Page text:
Support Still Strong for Automated Speed Enforcement in BC

The use of red light cameras to catch vehicles speeding at intersections is backed by two thirds of British Columbians.

Vancouver, BC [July 10, 2019] – Most British Columbians are in favour of a specific type of automated speed enforcement that will be present in some municipalities this summer, a new Research Co. poll has found. 

In the online survey of a representative sample of British Columbians, seven-in-ten residents (68%, -2 since a similar Research Co. survey conducted in August 2018) approve of using speed-on-green cameras, or red light cameras that also capture vehicles that speed through intersections.

Support for the use of speed-on-green cameras is highest among women (74%) and British Columbians aged 55 and over (76%). 

“Seven-in-ten British Columbians who do not drive (72%) are in favour of relying on speed-on-green cameras,” says Mario Canseco, President of Research Co. “In addition, about three-in-five residents who drive five days a week or more (66%), three or four times a week (74%) and once or twice a week (64%) are also in favour of this measure.”

Automated speed enforcement works by using cameras or sensors to pick up a vehicle speeding. A ticket is then issued to the owner of the vehicle. Driver’s license points are not issued as the driver of the vehicle cannot be identified.

Earlier this year, the provincial government announced that 35 existing red light cameras will begin capturing vehicles that are speeding through intersections this summer. The cameras are located in 14 municipalities: Abbotsford, Burnaby, Coquitlam, Delta, Kelowna, Langley, Maple Ridge, Nanaimo, North Vancouver, Pitt Meadows, Port Coquitlam, Richmond, Surrey and Vancouver.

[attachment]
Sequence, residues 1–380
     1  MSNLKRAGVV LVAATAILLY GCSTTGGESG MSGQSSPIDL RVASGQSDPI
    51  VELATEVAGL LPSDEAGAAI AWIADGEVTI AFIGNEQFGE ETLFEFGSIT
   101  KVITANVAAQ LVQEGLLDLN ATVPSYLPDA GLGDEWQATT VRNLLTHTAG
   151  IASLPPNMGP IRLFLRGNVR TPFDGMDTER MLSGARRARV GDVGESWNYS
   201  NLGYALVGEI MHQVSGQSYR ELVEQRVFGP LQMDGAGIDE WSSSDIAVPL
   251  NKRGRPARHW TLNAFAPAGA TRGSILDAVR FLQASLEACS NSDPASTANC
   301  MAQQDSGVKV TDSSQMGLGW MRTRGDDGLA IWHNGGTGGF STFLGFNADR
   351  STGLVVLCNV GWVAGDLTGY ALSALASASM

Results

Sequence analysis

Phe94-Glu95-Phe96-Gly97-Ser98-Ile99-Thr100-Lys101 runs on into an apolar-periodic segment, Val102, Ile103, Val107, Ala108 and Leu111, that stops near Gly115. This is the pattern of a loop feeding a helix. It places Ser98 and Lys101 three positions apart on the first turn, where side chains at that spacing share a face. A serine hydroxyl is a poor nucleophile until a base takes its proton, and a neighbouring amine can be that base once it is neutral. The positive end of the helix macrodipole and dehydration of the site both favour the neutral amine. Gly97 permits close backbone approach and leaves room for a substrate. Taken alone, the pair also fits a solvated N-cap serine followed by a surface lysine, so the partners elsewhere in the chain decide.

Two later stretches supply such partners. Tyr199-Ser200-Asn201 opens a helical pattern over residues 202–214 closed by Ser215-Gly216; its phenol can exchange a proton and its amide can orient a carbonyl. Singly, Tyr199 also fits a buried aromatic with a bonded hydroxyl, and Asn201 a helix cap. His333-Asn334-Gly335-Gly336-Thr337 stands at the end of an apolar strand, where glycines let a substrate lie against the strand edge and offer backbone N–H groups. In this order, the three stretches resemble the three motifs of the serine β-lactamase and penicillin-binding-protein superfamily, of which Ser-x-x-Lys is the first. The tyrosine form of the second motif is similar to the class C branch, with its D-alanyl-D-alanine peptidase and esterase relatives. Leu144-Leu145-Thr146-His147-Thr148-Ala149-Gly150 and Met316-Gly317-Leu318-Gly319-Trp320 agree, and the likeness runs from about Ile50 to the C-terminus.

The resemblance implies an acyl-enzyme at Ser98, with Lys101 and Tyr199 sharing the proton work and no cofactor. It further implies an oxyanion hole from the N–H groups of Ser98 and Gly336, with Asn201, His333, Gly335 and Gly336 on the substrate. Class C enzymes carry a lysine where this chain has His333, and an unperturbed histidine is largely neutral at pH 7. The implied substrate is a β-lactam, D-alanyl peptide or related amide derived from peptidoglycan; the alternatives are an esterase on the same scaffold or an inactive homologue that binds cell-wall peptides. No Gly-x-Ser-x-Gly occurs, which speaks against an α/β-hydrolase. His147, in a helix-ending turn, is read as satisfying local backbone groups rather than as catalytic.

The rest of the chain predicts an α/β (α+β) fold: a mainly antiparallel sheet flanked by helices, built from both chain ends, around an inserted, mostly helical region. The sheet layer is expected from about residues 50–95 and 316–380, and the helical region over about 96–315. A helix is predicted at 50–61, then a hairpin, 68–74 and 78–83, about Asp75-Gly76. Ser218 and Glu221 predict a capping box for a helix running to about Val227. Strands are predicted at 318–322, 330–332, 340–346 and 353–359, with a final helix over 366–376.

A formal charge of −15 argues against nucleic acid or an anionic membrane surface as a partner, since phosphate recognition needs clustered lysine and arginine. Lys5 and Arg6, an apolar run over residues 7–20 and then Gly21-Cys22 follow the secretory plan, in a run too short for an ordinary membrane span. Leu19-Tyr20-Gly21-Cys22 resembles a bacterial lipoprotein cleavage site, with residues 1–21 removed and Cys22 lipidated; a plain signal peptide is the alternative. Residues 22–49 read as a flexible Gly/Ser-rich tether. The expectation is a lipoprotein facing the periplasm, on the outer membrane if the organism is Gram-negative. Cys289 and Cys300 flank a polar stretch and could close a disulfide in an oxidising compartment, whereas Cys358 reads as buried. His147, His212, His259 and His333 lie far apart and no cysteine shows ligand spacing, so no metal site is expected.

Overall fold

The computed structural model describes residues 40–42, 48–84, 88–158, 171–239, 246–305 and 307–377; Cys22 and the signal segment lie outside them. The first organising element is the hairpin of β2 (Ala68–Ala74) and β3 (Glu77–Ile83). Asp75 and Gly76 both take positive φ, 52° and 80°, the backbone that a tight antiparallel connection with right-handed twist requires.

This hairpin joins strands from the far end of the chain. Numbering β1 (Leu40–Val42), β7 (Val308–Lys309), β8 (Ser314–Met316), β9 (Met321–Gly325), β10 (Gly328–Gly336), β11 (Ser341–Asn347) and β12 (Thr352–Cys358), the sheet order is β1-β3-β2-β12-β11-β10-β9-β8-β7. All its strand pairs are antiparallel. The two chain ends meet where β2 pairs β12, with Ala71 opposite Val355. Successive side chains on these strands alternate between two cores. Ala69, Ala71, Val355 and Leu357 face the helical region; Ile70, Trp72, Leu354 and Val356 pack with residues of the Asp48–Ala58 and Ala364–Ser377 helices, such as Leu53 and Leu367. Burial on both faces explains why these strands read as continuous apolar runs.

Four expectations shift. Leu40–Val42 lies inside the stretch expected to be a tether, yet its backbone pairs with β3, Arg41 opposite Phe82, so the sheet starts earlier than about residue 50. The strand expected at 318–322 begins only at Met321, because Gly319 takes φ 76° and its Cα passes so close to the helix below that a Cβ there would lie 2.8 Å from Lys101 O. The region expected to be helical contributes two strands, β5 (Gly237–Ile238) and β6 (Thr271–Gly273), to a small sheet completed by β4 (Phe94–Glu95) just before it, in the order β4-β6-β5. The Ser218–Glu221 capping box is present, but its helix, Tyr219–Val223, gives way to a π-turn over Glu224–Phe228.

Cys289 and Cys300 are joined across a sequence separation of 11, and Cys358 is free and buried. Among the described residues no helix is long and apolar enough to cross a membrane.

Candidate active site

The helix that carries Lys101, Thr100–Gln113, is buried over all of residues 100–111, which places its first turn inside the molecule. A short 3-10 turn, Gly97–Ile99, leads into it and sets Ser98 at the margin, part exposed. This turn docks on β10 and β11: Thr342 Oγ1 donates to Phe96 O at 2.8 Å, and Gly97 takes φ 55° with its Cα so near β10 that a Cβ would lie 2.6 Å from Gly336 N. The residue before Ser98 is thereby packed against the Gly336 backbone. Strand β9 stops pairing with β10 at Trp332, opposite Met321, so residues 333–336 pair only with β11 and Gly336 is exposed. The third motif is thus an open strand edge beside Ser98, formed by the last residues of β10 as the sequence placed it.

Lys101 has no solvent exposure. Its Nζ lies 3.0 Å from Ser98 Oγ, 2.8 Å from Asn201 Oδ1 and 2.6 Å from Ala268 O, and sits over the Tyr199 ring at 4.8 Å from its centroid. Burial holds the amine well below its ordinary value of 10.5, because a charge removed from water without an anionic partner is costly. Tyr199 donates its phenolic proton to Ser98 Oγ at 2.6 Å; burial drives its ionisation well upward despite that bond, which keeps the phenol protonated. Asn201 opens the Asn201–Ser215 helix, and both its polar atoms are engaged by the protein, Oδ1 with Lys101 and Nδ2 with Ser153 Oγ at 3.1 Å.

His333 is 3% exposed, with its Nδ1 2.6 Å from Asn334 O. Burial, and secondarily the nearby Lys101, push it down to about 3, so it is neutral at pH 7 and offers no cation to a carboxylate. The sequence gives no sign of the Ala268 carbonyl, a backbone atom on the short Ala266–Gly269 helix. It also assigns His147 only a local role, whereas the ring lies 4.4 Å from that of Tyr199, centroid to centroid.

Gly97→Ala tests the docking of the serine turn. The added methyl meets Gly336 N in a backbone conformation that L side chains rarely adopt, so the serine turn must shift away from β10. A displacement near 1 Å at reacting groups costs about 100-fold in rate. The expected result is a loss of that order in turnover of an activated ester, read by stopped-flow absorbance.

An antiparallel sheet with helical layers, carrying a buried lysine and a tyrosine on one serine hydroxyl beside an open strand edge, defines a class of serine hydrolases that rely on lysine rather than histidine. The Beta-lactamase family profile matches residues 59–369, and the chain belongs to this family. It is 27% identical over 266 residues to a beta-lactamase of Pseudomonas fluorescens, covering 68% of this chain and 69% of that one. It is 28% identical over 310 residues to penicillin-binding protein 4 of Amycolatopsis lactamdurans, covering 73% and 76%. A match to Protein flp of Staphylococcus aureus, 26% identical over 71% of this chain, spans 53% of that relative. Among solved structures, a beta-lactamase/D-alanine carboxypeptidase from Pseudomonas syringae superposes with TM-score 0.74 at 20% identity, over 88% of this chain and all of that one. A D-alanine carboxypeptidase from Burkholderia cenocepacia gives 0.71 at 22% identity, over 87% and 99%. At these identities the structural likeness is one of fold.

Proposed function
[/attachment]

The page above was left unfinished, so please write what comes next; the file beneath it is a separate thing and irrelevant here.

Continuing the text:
Just over half of British Columbians (52%, -3 since August 2018) approve of point-to-point speed enforcement, which uses cameras at two or more distant points on a road. The average speed of vehicles that pass between points is calculated and tickets are issued to vehicles whose average speed over the distance was excessive.

More than three-in-five British Columbians approve of two other types of automated speed enforcement: 69% (-2 since August 2018) for fixed speed cameras, or cameras that stay in one location and measure speed as a vehicle passes, and 63% (-2 since August 2018) for mobile speed cameras, which can be moved from place to place and measure speed as a vehicle passes.


Results are based on an online study conducted from June 22 to June 26, 2019, among 800 adults in British Columbia. The data has been statistically weighted according to Canadian census figures for age, gender and region in British Columbia. The margin of error—which measures sample variability—is +/- 3.5 percentage points, nineteen times out of twenty.

Find our full data set here and download the press release here. 

For more information on this poll, please contact:

Mario Canseco, President, Research Co.